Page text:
The following is a good letter which you (or daughter rather) can send to HBOS -adapt to suit but you need all information relating to the mortgage account and subsequent request for payment. You need all statements and letters plus details of how they disposed of the property and why there is a shortfall. Send with a Postal Order for £10 and allow 40 days for them to respond. Tell them you want the info and do not acknowledge that any money is owed until you have this.

 

[your address]

[their address]

 

[DATE]

 

Dear Sir/Madam

 

ACCOUNT NUMBER: xxxxxxxxx (or multiple numbers if more than one account)

 

Please supply me with copies of all the data which you hold on me in relation to any matter and in any form and for any period of time.

Please note that I require disclosure of any personal data which you hold on me for the entire period of my dealings with you.

The Subject Access is not limited to my transaction history and it is not limited merely to 6 years of historical information.

Additionally, where there has been any event in my account history over this period which has required manual intervention by any member of your staff, or any other person, I require disclosure of any indication or notes which have either caused or resulted in that manual intervention, or other evidence of that manual intervention in relation to my banking business with you.

If you are unable to supply this data because there has been no such manual intervention, then please be so kind as to confirm this in your response.

I enclose the statutory maximum fee of £10. You have 40 days in which to comply.

If there is specific information which you require in order to satisfy yourself as to my identity, please let me know by return. However, please note that the above address is the one which you normally use to communicate my private business to me and which you have hitherto found to be acceptable.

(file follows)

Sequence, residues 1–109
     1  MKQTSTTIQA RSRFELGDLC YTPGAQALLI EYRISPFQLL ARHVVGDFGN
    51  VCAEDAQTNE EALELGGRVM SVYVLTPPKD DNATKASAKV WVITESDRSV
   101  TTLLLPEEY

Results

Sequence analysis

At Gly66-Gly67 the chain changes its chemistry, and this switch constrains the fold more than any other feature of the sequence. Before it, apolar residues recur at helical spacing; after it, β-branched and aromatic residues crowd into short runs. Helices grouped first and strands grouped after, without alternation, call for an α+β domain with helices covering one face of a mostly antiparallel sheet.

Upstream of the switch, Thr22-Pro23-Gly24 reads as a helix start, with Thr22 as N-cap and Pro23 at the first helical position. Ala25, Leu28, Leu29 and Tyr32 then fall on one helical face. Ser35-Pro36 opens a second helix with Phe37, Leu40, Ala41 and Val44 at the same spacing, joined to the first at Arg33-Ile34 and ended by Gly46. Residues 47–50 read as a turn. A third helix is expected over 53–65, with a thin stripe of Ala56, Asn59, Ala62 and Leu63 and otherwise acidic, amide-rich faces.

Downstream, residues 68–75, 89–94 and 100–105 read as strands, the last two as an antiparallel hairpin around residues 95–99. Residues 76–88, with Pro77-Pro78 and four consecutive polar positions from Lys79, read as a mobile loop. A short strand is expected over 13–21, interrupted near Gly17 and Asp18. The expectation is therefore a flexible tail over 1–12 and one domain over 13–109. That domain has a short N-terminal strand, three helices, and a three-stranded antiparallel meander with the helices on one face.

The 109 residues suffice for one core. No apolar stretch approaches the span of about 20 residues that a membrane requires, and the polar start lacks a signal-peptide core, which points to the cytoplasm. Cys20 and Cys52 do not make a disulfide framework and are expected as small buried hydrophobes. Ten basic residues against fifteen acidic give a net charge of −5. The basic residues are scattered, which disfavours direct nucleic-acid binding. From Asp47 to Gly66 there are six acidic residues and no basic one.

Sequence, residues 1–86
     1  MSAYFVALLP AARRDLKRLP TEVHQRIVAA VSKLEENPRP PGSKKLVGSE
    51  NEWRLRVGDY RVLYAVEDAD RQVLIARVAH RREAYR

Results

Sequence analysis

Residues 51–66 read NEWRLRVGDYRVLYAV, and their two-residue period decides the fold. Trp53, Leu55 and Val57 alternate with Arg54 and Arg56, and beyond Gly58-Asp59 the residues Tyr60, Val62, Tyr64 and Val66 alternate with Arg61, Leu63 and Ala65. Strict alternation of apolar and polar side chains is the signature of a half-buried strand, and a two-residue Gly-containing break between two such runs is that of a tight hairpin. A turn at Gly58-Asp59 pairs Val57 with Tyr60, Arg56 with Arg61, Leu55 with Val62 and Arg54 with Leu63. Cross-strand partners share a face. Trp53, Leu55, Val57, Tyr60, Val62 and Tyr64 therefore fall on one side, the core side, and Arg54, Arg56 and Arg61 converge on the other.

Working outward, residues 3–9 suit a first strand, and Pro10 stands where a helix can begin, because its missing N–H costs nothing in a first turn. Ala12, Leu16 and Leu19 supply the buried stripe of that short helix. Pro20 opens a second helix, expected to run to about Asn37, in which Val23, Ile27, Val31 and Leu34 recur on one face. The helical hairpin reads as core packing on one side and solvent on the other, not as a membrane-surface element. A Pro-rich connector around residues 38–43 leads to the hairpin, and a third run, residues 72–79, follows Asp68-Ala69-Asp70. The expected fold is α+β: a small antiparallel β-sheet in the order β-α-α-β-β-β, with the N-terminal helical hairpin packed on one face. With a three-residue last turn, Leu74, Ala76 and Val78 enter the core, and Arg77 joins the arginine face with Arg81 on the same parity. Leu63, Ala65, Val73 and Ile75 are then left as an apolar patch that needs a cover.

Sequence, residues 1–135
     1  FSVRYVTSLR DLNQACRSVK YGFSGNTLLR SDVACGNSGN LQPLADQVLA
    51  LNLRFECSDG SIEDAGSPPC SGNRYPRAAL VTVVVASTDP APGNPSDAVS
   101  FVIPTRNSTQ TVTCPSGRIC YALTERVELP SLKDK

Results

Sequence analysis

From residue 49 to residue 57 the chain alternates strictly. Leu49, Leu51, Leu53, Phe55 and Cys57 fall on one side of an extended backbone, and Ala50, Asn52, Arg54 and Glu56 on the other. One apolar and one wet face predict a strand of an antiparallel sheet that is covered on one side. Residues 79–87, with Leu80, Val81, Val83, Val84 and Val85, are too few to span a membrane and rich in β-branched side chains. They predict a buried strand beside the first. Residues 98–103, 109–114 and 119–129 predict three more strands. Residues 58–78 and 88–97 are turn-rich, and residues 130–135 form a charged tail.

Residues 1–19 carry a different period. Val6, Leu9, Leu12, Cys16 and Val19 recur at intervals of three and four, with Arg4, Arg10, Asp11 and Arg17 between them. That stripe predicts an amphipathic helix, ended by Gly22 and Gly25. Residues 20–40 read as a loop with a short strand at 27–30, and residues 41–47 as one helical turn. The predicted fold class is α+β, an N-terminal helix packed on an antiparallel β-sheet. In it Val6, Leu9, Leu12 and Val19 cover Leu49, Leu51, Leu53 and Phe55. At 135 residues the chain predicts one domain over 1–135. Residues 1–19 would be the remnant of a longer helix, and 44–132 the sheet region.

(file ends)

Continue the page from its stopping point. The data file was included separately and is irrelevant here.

Yours faithfully,

 

[signature]

 

[name]


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Firstly, I would ask for proof of the debt including any accounting to show how they arrived at the figure requested. Try not to admit to the debt in the letter though.

 

They can't make her new hubby responsible for the debt in any way - it's hers alone.

 

many thanks for your help, it's appreciated.

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Thank you for all the good advice, I will fire off an SAR straight away and see what they come back with. I'll keep you updated. Once again, many thanks.

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You may be asked to provide them with id, proof of signature etc so take care if writing on behalf of someone else. This seems to be standard.


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Don't provide them with proof of signature or any other proof. They will be chancing their arm.

 

If the mortgage had insurances etc with it they will have claimed on them and are then claiming back from you at twice the rate.

 

Your friend has no actual liability for the alleged shortfall and can challenge the allegations - the mortgage company have to provide a lot of proof before the claim is justified in any way - ie valuations, sale price, disbursmentes from that (and they stitch you up something rotten - believe me, £4,500 management fee in my case.... almost ALL of the amount they claimed!)

 

The liability is now treated as an unsecured unsubstantiated debt and has very little priority.

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SARs can be tricky as they can ask for proof - another poster was advised to say that they would collect the documents from a local branch where they would show some id to the staff.